Most of us have a trusted brand or favorite store that we rely on for our wardrobe. Maybe you’ve been shopping at Macy’s since you first started buying yourself clothes, or you prefer a quick trip to Old Navy for fun but affordable upgrades. Simply put, if you’re looking to update your seasonal staples or enjoy keeping up with the latest trends, certain clothing retailers are tried and true. Now, one iconic clothing chain has announced that it will be closing a significant number of locations this year, meaning you may have to find somewhere new to shop in the coming months. Read on to find out which classic clothing company is shutting down 40 stores.
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Many retailers have announced closures recently.
Other iconic retailers that have withstood the test of time have been forced to close their doors recently, including 70 Sears Hometown stores. Locations across the country took to social media to announce liquidation sales, mostly on individual Facebook pages, as reported by Axios. Transformco, the company that acquired Sears and Kmart in 2018, did not formally announce the closures or confirm which Sears Hometown stores would be shutting their doors permanently.
Another clothing retailer, more popular with the younger set, also announced it would be shuttering stores this year. On March 31, it was reported that 240 H&M stores would be closed. The trendy retailer was reportedly severely impacted by the COVID-19 pandemic and later by the spread of the Omicron variant and “extensive restrictions” in some countries.
And while it’s already hard to say goodbye to these locations, shoppers are now facing another closure announcement.
This brand known for its quality clothing and accessories is closing stores.
If you regularly shop at Chico’s or White House Black Market (WHBM), you may be dismayed to learn that the retailer has announced plans to close a total of 40 stores in the 2022 fiscal year. These popular stores are go-to destinations for women, selling a wide variety of clothing, jewelry, and accessories. Chico’s dates back to 1983 when it was founded in Sanibel, Florida. The White House was founded two years later in Baltimore, Maryland, and a new concept store, the Black Market, opened in 1995, according to the company’s LinkedIn. The brand pair was then acquired by Chico’s FAS in 2003.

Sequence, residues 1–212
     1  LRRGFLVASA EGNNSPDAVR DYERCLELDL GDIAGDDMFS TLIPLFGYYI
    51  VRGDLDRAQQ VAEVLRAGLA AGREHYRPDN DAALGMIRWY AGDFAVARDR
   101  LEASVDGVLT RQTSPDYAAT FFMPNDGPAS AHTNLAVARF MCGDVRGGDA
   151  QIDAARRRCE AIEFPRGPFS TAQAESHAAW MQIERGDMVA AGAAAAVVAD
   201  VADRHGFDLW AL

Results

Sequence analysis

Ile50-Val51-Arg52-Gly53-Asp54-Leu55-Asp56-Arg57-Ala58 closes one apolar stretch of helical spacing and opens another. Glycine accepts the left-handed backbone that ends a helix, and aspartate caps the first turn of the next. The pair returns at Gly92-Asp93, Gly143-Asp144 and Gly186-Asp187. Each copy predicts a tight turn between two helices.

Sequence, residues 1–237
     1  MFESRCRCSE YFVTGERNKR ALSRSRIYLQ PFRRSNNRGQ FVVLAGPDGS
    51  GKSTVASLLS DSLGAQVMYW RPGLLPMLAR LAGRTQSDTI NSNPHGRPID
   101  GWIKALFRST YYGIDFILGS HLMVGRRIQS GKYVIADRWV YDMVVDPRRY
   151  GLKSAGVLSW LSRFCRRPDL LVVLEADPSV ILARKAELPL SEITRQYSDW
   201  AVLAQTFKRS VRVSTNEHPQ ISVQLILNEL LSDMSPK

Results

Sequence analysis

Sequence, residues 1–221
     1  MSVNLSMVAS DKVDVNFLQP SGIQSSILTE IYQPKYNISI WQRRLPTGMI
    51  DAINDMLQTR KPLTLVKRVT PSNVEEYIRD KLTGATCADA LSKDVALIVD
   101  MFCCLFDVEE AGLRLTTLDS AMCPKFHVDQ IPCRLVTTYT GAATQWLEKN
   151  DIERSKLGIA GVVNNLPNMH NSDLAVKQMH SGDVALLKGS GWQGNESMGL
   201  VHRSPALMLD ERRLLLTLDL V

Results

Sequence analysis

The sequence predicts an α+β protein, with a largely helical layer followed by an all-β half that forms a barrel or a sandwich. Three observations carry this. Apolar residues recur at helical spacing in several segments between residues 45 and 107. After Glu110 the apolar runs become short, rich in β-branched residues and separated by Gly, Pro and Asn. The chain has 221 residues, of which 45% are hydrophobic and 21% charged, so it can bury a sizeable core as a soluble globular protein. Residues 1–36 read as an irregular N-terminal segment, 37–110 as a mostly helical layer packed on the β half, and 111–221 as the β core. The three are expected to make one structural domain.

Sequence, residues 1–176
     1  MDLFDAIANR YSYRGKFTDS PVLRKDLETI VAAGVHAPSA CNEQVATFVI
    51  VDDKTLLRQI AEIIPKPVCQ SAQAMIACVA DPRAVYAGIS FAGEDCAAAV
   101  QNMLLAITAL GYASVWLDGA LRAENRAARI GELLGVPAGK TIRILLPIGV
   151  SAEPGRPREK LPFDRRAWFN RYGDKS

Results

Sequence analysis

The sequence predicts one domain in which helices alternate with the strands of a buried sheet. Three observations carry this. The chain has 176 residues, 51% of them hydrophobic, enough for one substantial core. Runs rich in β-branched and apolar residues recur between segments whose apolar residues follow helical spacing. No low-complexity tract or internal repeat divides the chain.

According to an analysis from Market Screen, the stores that are closing are primarily “underperforming, mall-based Chico’s and WHBM boutiques.” The report didn’t denote specific locations to be closed, nor when exactly they would be closing their doors.
The number of stores was described by executives as a “moving target.”
On a June 7 earnings call, PJ Guido, chief financial officer for Chico’s FAS, confirmed the number of Chico’s and WHBM stores has been reduced from 1,410 to 1,264 since 2019. Despite—or perhaps because of—this 10 percent reduction, the company saw an increase in revenue, up 4.5 percent in the first quarter, compared with 2019. Guido also confirmed that the closure of exactly 40 stores is not set in stone.
“Although we are targeting up to 40 store closures in both Chico’s and White House Black Market, store performance continues to improve, and this number will remain a moving target,” Guido said.
The retailer is actually opening up more stores for a different brand.
Guido said that the company does not have intentions of opening any additional Chico’s or WHBM stores, but it’s not all bad news. The CFO noted that plans are in the works to open additional Soma stores, which primarily sell women’s intimates and sleepwear.
“Going forward, we plan to open up to 30 Soma standalone stores in the back half of the year,” Guido said on the earnings call. The retailer has currently identified 28 locations for new Soma stores and is looking for another two, Guido added when addressing a question from an analyst.
Molly Langenstein, president and chief executive officer for Chico’s FAS, said that Soma “posted its seventh consecutive quarter of growth over the prior year,” and saw a 0.5 percent increase when compared with last year’s quarter.
“Soma’s growth continues to meaningfully outpace the market in non-sport bras and panties for the quarter. We have a strong position in basic replenishment, bra, and panty inventory so we can meet our customers’ needs,” Langenstein said, adding that the company is also focusing on digital resources that “drove increased traffic and customers” to Soma, as well as WHBM and Chico’s.
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